It’s been a long year for Maria Sulayman, a critical care nurse at Jackson Memorial Hospital’s rapid response team, who has treated patients with the coronavirus since the beginning of the pandemic.
“I have seen people with no medical history being in the intensive care unit,” Sulayman said. “This virus, you are OK one second and the next, you are not.”
She made it through the spring without testing positive, but that changed on her birthday, June 22.
“I had a feeling that I contracted it knowing that there were a few coworkers who had tested positive,” Sulayman said, adding her symptoms started mildly.
“A couple days after that, I couldn’t get a breath in at all to the point that I thought I had to go to the hospital,” Sulayman said. “Not being able to breathe is actually the scariest thing you can go through.”
Like many health care workers, Sulayman feels her family is also on the front lines. She tells NBC 6 her 23-year-old son and 20-year-old daughter, who is immunocompromised, contracted the virus too after her.
“I was terrified. I felt I had just killed my daughter just because of being around her,” Sulayman said.
Sulayman says it was a difficult time for her family but all three have since recovered from the virus.
Hospital leaders worry a trickle of sick calls could turn into a tidal wave.
Lidia Amoretti, a spokesperson for Jackson Health System, tells NBC 6 the range of employees sick with the virus has been between 200 to 130 since June, adding that’s about 1% of their workforce. As of Wednesday, 137 employees were out with COVID-19, including 39 nurses.
While the percentage of sick employees is low, Jackson has taken steps to prepare for staff shortages.
“Jackson Health System has developed several strategies to cover staffing. Up to 150 state-agency nurses are being hired and deployed. More than half of them have already arrived at Jackson and are working,” Amoretti wrote in an email.
Amoretti says Jackson Memorial Hospital reported the highest number of infected employees with 60. She provided a breakdown by facility:
Baptist Health says they have 141 employees out due to COVID-19 across their organization. Of those, 69 are clinical employees and 72 are non-clinical employees. Baptist says the number of infected staff is less than 1% of their workforce but they are also taking steps to cover for sick employees.
“As an organization with 10 hospitals, we are able to transfer staff across our organization as needed in order to care for our patients,” said Baptist Health’s spokesperson Georgi Morales Pipkin. ”We worked with the state to secure additional staffing and they will be providing additional staff including nurses, respiratory therapist and patient care techs beginning next week.”
Baptist tells NBC 6 they also hired 100 new full-time workers in the past few weeks and 200 day-to-day workers to help with the increase in caseload from COVID-19 patients.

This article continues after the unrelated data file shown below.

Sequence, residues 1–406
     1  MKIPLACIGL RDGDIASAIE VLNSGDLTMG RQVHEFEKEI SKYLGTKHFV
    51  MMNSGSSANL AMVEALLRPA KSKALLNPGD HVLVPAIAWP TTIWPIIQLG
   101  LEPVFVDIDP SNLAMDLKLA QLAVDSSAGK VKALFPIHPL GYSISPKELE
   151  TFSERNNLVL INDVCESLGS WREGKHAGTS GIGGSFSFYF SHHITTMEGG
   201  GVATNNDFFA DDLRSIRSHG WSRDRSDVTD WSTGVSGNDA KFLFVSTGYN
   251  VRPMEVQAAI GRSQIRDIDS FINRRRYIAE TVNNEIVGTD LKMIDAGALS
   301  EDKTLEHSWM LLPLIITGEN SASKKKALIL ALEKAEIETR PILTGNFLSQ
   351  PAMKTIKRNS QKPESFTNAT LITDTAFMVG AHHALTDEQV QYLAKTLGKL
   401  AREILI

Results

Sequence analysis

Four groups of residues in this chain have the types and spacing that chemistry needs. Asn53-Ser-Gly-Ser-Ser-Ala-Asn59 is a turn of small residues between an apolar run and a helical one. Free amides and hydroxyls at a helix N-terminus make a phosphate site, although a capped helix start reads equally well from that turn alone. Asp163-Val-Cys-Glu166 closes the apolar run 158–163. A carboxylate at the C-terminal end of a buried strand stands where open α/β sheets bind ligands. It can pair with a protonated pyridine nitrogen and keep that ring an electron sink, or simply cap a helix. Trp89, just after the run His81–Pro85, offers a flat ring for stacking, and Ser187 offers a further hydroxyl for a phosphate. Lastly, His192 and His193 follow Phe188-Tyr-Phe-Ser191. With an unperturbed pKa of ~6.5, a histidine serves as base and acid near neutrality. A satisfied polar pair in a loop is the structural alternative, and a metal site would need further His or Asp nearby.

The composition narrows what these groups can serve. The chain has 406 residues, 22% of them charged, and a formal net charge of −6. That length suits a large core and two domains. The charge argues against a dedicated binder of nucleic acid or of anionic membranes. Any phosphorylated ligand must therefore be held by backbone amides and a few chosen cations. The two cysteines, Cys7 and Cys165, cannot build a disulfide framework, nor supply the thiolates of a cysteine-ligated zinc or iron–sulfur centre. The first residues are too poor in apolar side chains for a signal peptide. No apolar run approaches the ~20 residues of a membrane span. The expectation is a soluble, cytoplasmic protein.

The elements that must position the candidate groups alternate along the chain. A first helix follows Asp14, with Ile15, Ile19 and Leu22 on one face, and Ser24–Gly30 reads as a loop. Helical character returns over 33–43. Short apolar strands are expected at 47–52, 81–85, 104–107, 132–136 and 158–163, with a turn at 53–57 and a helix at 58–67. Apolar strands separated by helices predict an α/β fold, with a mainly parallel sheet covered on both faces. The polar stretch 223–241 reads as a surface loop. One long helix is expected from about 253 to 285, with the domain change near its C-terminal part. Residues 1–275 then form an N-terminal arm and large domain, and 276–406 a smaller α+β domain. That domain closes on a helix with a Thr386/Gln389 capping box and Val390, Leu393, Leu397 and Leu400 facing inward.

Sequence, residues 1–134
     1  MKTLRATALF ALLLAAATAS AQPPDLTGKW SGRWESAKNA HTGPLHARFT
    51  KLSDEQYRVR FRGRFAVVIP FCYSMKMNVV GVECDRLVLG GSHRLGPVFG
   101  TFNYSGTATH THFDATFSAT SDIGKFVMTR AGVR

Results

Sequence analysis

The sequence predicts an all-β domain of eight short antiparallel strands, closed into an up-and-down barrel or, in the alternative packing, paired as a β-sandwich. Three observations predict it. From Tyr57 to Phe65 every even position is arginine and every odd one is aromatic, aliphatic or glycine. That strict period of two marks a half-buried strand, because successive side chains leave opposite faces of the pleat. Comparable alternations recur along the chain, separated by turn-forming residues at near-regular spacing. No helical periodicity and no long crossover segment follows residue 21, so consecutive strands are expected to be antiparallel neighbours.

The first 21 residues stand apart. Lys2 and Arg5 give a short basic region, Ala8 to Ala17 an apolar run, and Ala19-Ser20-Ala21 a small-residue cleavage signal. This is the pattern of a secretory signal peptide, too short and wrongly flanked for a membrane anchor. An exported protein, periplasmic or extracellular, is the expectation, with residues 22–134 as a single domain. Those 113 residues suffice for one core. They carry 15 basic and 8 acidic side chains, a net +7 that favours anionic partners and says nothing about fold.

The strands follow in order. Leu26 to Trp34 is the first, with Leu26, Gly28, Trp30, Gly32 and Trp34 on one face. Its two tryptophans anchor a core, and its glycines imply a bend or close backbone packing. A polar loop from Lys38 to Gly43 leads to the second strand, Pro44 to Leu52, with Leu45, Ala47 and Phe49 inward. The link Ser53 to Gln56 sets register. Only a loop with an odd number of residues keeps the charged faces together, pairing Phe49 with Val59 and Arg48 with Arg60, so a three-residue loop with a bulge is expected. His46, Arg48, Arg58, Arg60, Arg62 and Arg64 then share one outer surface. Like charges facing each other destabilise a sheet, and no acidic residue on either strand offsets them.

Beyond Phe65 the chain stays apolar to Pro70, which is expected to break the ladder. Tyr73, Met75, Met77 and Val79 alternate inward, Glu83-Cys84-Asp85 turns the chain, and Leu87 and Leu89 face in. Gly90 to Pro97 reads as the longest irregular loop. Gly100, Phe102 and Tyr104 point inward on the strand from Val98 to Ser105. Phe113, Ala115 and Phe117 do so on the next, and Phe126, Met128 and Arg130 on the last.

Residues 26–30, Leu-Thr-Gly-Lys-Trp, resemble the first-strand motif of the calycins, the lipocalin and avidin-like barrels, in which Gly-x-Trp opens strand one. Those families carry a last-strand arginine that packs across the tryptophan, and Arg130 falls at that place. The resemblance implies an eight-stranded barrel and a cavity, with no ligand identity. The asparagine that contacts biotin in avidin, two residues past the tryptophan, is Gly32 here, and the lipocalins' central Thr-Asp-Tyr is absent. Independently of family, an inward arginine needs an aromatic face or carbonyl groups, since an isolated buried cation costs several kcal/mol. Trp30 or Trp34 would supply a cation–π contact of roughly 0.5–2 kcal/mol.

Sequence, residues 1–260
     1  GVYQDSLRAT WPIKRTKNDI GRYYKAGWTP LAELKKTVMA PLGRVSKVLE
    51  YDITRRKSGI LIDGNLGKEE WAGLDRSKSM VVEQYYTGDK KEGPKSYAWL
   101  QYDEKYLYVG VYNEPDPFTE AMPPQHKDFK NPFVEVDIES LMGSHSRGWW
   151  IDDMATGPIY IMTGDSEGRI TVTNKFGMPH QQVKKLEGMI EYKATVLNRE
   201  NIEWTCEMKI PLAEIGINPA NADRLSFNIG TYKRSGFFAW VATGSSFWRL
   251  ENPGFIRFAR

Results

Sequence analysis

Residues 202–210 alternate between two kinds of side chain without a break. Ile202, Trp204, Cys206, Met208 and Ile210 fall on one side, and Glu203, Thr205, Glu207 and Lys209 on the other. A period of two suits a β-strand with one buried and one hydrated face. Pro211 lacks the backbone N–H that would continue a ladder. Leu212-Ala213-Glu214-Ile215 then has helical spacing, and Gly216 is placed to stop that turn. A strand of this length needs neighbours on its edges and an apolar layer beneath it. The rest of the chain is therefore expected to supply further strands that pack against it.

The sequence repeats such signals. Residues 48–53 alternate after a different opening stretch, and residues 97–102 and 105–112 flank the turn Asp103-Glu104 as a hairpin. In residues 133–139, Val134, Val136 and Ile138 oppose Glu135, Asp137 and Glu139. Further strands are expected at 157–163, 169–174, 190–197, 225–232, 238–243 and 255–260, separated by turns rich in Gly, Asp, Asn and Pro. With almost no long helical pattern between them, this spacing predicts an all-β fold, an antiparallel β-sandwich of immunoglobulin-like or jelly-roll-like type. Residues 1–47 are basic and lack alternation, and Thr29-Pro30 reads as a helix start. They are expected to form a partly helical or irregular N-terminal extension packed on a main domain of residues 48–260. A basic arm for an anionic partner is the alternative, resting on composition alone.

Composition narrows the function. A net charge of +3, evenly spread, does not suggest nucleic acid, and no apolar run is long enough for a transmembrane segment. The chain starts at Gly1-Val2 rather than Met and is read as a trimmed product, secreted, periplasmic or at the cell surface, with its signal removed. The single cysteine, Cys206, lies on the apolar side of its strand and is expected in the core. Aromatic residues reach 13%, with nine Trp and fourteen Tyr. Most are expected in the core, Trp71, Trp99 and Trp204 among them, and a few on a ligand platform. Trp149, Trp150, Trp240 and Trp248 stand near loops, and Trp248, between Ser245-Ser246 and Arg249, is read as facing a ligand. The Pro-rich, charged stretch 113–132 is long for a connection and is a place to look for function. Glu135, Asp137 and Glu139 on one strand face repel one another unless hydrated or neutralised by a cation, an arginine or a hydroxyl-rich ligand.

Broward Health, Memorial Healthcare System, Mount Sinai Medical Center, U-Health and HCA, which includes Kendall Regional Medical Center and Mercy Hospital, did not provide the total number of workers infected to NBC 6.
“While we have had caregivers test positive for COVID-19, we currently have coverage for those who are out sick,” a Broward Health spokesperson said.
Memorial told us they don’t have the specific number of workers infected but they have contracted 100 nurses to fill in when needed.
Catherine Holly, an HCA’s spokesperson, did not provide the total number of staff infected across its facilities, but wrote in an email: “As COVID cases continue to increase in South Florida, staffing is a top priority for all hospitals. We are actively working to ensure our caregivers have the support they need to safely and effectively care for our patients, including bringing in additional nurses from our sister facilities in other markets, optimizing recruitment to expand staffing and contracting local and national nursing support.”
Some unions representing hospital employees tell NBC 6 they feel out of the loop.
Rublas Ruiz, a critical care nurse at Kendall Regional Medical Center, says the spread of the virus among health care workers has impacted staffing.
“A lot of our workers in the hospital have been infected with the virus and not being able to go to work,” Ruiz said, adding the nurse-to-patient ratio increased from two to three patients per nurse.
Ruiz says it’s been an ongoing battle for him and his colleagues.
“It’s been really sad. I have been there since the beginning of the pandemic,” Ruiz said. “We have done a lot to try to save these patients and sometimes you cannot do much for them.”
Sulayman says leaders and workers from Jackson are fighting the virus with everything they have but they need help from the community.
“We are doing the best we can but we cannot do this alone. We will lose this battle,” Sulayman said. “We are in a crisis situation.”
Despite her own experience, Sulayman says she is eager to return to work.
“I’m just trying to get complete strength because what I am about to walk into is a war zone,” Sulayman said.